By Alan Cooper
Natural Trap Cave (NTC) has an impressive entrance pitch – which is concealed immediately below a large innocuous looking slab of limestone, in the middle of a gently sloping ridge overlooking Bighorn Lake on the border between Wyoming and Montana. As you walk across the slab you can see why anything with hooves, or running at speed, would have had no time to react when the cave entrance came into view – suddenly all the edges slope inwards steeply, and you’re looking straight down a hole, about 30ft wide, 100ft onto rocks at the bottom of a large chamber. As a result, over the last 100,000 years or so, a very large accumulation of skeletons has built up in the sediments below – standard herbivores such as bison, horse, and mountain sheep but also large numbers of carnivores including American Lion and cheetah-like cat (really a puma on steroids), many wolves, and even giant short-faced bears and mammoths. NTC represents possibly the biggest and best preserved collection of Ice Age megafauna in the Lower 48 States and southern Canada. It is a truly valuable scientific resource – a genetic museum from the time before humans first entered the Americas, and one of our best opportunities to compare the middle of the US, to events up in Arctic Beringia, Siberia and Europe.
Dr Julie Meachen and myself are co-PIs on a 3-year project to excavate fossils in the cave, funded by National Geographic and the US National Science Foundation, and supported by the Bureau of Land Management (BLM). 2014 was our first and exploratory year, as we set out to examine the state of the cave after the excavations led by U Kansas between 1975-1984, and also the logistics of getting a scientific team safely into and out of the pit, using Single Rope Techniques (SRT) – abseiling and ascending.
I had two jobs on the expedition. The first was to excavate mammal bones and use them to build a genetic record of Ice Age mammals, and how they responded to climate change and the extinctions at the end of the Pleistocene (around 11,600 years ago). The second, and probably more important, was to oversee the logistics and safety of the caving operations. I was to use my experience as a vertical caver in the mountains of New Zealand to rig the cave with ropes to allow the large science team to safely descend, and much more trickily – ascend, the vertical pitch into the ‘drop zone’. For much of my youth I was a mad-keen caver, spending every available weekend and holiday exploring caves in New Zealand, including the alpine caves of NW Nelson. Along with friends, I’d rig and drop numerous pitches to explore deep shafts for bones, and explore and map cave passages deep into the mountains. We were trying to connect these shafts to the massive Nettlebed system which ran under Mt Arthur, and which has finally been done some 20 years later! It was the best fun ever, and as a by-product, I have a large amount of experience with SRT, hauling systems, and Cave Search and Rescue – which I hadn’t suspected would someday be useful for recovering the bodies of Ice Age mammals!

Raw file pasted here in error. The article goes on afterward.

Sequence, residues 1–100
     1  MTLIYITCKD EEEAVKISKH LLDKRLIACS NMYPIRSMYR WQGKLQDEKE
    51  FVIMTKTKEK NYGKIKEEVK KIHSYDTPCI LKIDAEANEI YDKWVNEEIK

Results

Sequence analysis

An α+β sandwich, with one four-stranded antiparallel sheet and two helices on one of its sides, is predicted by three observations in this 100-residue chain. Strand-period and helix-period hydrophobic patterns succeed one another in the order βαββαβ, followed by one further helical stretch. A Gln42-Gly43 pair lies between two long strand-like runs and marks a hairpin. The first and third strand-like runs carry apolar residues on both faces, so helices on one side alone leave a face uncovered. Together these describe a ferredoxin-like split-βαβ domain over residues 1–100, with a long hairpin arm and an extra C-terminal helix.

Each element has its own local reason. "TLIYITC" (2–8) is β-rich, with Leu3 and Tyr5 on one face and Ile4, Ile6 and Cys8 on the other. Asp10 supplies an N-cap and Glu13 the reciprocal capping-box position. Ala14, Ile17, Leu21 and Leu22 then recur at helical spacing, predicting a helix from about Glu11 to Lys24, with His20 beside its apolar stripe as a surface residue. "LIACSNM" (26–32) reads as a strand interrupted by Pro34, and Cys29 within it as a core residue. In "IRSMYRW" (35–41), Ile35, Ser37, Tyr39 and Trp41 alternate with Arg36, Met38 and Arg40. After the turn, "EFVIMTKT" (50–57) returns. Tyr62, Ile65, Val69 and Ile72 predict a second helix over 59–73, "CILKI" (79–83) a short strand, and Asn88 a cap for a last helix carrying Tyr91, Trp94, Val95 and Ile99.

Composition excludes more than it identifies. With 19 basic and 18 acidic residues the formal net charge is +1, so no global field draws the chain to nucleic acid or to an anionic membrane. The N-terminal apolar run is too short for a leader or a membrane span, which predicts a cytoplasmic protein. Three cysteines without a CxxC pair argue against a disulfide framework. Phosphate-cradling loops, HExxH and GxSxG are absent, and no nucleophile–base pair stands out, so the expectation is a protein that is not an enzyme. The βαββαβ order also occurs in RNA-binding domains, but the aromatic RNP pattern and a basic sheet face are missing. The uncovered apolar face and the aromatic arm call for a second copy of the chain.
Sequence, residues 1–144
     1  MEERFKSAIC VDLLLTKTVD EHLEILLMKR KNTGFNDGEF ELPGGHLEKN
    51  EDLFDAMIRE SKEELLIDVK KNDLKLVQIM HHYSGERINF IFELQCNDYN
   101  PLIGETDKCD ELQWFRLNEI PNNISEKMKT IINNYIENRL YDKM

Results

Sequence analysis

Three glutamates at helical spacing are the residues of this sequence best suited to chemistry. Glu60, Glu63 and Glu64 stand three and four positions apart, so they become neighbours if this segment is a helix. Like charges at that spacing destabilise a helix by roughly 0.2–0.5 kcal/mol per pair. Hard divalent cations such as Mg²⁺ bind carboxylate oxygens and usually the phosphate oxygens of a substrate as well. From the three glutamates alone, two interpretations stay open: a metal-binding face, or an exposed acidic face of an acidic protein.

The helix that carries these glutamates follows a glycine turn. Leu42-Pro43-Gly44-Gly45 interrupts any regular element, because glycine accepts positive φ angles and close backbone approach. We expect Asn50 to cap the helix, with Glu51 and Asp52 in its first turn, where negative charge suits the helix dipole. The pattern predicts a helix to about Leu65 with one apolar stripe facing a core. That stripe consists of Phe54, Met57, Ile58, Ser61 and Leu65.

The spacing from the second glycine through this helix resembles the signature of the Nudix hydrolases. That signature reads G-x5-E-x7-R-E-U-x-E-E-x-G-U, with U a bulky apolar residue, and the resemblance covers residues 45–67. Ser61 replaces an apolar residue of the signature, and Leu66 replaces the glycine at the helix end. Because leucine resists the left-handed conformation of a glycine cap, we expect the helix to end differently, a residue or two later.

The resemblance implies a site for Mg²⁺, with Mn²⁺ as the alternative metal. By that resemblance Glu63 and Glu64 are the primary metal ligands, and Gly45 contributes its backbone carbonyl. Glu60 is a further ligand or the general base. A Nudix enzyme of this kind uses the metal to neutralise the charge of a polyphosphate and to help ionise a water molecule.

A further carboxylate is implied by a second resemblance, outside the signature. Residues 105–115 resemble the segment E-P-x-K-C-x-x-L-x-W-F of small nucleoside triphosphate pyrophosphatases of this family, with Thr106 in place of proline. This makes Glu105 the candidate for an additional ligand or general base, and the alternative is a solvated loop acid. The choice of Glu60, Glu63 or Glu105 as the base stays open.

The BLM has covered the entrance to Natural Trap Cave with a large bespoke grid of I beams and angle iron to prevent animals, humans – or cars – from dropping in. While rigging the drop, I was walking out over a 100ft drop balancing on the angle iron straps (placed about 6 inches apart) which was quite a surreal experience, as you don’t normally get to be so ‘exposed’ over a giant cave entrance. It certainly meant that you held onto all the rigging gear much more tightly than normal, as one slip and a crab (carabiner) would be history after the 100ft fall. The iron grid must have weighed a ton and have been quite an exercise to install, but did provide a very convenient means to tie-off the static (non-stretch) ropes we’d use for dropping in and climbing out on, and for hauling out buckets of sediments for sieving.
About 20’ below the entrance is a ledge about a metre wide which runs around one side of the shaft, providing an ideal place to enter on to and exit off the vertical ropes, and to remove buckets that have been hauled up. SRT involves abseiling and ascending a single, normally 11-12mm, static (non-stretchy) rope. They’re quite different from climbing ropes (termed dynamic), which are designed to have an enormous amount of stretch (e.g. 30%) to absorb shock if you fall. Caving ropes don’t stretch, and therefore you definitely don’t want to fall on them – a broken back will result. Hence, we use dynamic ropes for the safety, and do all the hard work (abseiling and ascending) on the statics. All the gear has to be brand new to prevent the movement of the dreaded fungal whitenose syndrome between caves, which is killing millions of bats – the best airborne insecticide known to man, and one of the least appreciated ecological assets we have.
Since there were a number of novices on the trip, I first rigged up a practice pitch off the side of a cliff nearby, so that everyone could practice going up a static rope, stopping halfway, switching over to a descending device and coming back down again. This exercise involves a precise series of weight transfer manoeuvres, to allow different mechanical devices such as brakebars and jumars to be swapped on and off the rope. It’s always a surprise to see how counter-intuitive this can be to beginners, and how many different ways it can be done wrong with a bit of imagination and stress while hanging up in the air. It becomes totally second nature once you’re an experienced caver, and you hardly think about it – but while learning it is definitely best to practice out in the sunshine and in a place where you can get lots of advice.